“Use your words,” our mother or father would say whenever we struggled to express ourselves.
The words we use (when we can find them, that is) change with almost every generation because language “morphs.” Though never truly lost, some words might as well be extinct from lack of use. When was the last time you used, “whence,” “percolator,” “floppy disk,” “hitherto,” “thrice,” “whippersnapper” or “pay phone” in a sentence? ” Just saying.
Language changes because (figuratively speaking), it’s alive from constantly adapting to advances in technology, the newest societal norms, and our own experiences. Personally, we find the loss of words (and even languages) tragic, but it’s understandable. If you don’t know what something was, you’re not inclined to use the word for it. To wit:
The rustic cabin featured a beautiful set of fire-dogs that added to the experience of trying to get warm.
Readers of certain generations might know what “fire-dogs” are, especially if they know about “andirons” because the two words were often used interchangeably. But given that the use of wood burning fireplaces and stoves these days is limited, if not illegal in many states, it’s no surprise that jargon associated with fireplaces would go up in smoke. Between 2005 and 2017, the number of new single-family houses built with wood burning fireplaces in the United States fell from 818,00 to 320,000. That’s a huge drop.
So that you know, andirons refer to a pair of supports with two horizontal bars supported by short legs that is used in an open fireplace. The logs would rest on top of these bars, the open design allowing air to flow underneath and promote better combustion. Sources vary as to why they came to be called “fire-dogs,” but there are two theories: The first is that the name “firedog” came from the Old English word, “fyrd,” which meant a detachment of troops or a military expedition. With their upright standards and horizontal bars, andirons may have reminded people of spears used by soldiers, hence the association with a military term like “fyrd” or “firedog.”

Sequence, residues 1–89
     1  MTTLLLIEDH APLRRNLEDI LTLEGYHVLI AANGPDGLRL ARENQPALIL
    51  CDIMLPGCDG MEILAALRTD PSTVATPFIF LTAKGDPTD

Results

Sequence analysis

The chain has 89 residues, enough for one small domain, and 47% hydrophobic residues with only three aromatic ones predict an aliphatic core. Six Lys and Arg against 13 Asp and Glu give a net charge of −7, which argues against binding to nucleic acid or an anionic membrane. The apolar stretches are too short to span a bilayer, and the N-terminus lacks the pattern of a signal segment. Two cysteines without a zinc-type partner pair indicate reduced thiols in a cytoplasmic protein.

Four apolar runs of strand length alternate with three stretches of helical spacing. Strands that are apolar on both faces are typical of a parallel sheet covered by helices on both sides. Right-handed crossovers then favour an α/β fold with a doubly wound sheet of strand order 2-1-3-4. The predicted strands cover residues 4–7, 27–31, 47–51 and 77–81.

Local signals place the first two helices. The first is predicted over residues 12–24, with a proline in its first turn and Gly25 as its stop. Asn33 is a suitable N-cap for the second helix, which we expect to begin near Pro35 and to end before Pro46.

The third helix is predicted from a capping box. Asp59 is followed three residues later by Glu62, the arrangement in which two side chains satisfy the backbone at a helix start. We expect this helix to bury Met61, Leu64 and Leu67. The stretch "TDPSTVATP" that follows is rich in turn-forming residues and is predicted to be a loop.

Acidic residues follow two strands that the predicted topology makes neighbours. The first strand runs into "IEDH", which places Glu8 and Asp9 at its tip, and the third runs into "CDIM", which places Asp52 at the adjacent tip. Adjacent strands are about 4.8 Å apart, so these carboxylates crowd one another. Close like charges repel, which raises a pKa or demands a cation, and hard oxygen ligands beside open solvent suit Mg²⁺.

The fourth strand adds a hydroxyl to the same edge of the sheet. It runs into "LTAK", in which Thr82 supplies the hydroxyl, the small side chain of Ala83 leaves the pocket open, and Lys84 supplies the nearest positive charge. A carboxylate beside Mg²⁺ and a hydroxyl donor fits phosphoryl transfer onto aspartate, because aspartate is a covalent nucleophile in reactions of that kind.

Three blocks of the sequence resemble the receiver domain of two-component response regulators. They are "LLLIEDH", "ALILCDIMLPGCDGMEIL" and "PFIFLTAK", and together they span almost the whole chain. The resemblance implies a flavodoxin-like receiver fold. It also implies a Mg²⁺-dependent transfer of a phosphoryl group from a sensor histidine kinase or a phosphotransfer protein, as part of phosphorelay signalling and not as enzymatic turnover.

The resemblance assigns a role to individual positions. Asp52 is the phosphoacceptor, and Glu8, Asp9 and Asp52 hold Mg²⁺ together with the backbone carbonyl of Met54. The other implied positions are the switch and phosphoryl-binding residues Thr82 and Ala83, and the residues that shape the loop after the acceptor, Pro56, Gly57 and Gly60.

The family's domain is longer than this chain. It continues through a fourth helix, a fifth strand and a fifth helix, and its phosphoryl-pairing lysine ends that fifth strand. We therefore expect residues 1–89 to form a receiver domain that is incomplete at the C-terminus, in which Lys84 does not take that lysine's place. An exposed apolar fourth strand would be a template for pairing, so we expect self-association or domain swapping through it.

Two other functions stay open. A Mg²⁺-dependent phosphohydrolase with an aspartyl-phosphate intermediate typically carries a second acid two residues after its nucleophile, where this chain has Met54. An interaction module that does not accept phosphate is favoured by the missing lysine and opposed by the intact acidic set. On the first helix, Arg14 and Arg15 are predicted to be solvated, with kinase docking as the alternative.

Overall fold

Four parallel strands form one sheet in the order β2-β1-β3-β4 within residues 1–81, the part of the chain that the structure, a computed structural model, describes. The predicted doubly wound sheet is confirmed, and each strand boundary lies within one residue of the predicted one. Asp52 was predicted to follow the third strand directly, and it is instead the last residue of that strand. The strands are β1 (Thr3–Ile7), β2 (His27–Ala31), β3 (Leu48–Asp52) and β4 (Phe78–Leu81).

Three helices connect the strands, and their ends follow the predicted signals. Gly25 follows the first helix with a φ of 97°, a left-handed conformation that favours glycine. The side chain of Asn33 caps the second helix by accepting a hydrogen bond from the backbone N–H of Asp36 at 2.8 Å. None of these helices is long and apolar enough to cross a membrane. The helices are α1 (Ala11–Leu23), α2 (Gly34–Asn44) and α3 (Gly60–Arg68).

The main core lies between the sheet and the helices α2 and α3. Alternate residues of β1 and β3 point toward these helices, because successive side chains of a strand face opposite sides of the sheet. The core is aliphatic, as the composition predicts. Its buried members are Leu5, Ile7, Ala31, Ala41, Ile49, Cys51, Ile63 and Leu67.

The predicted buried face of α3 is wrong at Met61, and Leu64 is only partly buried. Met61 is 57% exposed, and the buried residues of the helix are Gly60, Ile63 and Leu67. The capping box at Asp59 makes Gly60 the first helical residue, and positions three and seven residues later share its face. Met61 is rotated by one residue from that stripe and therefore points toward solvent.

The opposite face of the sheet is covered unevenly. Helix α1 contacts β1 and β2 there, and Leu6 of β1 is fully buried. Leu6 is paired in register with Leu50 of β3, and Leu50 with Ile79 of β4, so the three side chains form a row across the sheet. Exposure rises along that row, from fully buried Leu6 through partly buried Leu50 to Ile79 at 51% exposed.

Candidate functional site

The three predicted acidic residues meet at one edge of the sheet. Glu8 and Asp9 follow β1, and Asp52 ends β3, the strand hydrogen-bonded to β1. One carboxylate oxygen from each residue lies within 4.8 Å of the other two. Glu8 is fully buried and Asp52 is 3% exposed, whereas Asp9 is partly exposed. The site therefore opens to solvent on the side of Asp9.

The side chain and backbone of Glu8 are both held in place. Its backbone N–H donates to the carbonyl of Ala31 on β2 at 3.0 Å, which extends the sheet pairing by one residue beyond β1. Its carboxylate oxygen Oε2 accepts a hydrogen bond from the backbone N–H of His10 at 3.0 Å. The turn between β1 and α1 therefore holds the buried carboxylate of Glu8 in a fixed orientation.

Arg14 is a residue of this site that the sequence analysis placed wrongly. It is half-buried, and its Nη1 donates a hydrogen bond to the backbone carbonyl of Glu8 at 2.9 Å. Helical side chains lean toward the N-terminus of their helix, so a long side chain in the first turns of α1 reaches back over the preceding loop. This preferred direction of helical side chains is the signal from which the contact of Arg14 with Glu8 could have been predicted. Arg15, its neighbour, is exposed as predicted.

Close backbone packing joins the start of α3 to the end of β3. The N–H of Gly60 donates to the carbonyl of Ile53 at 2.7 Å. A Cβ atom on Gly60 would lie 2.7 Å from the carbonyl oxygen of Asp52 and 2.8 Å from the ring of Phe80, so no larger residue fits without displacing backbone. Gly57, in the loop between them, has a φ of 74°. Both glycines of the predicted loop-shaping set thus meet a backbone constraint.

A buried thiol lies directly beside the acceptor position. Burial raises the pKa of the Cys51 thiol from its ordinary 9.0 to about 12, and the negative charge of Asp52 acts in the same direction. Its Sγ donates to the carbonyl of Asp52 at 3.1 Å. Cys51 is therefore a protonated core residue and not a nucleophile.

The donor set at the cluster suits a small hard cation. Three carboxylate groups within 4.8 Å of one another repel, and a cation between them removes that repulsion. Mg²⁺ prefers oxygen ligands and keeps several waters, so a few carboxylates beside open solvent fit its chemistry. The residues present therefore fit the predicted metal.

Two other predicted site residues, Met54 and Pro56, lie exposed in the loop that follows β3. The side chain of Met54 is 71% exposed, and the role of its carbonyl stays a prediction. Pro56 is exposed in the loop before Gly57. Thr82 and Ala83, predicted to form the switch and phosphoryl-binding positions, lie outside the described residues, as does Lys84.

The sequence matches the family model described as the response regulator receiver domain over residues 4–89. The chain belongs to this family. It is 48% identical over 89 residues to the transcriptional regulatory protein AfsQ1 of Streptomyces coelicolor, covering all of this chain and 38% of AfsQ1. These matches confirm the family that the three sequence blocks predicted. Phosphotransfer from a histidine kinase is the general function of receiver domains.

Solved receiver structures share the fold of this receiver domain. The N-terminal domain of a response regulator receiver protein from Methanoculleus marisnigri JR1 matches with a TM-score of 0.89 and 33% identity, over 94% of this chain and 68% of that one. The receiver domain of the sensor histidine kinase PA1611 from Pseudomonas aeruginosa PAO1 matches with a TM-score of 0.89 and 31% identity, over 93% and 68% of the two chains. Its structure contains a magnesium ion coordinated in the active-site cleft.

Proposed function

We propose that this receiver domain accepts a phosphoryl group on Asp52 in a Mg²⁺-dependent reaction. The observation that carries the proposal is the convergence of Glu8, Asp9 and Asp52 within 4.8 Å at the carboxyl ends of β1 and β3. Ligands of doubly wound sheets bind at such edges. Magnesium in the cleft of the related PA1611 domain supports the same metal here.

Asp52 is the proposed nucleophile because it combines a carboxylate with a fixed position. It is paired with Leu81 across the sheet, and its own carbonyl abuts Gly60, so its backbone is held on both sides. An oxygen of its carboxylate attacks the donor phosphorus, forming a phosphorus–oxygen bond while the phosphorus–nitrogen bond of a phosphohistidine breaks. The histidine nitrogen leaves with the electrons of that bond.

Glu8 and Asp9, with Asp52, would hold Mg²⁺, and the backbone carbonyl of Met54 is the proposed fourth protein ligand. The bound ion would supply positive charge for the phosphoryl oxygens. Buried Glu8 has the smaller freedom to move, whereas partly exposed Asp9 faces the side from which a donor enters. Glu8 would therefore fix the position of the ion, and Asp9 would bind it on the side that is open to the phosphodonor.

We’re more partial to the other theory, and that is the perceived similarity of an andiron to a dog lying by the fire.
Somewhere along the line, someone took the meaning to a more literal sense by creating andirons that really did resemble dogs:
There are so many!
Andirons have been made to look like Bulldogs, Dachshunds, Greyhounds, Labrador Retrievers, Boston Terriers, and more. These items are highly collectable, and for now, mostly affordable on auction sites and e-commerce platforms that focus on handmade, vintage, and unique goods. They can be used as bookends, in gardens, to display artwork of photographs, as coat racks, doorstops, or as the base of a table for the handy person.
Years ago, an elderly relative of ours was baffled when we bought an antique ice box that resembled this one. We proudly put it in our living room to use as a bar and got many compliments on it, but it rankled our in-law because in her day, it was a kitchen appliance. She passed away at the age of one hundred, but no doubt, she would have been equally horrified to see andirons used as decorative items.
If And Warhol taught the world anything through his pop art, it was to see beauty in everyday items. We suspect Great Grandma would not have appreciated his Campbell Soup Can canvases.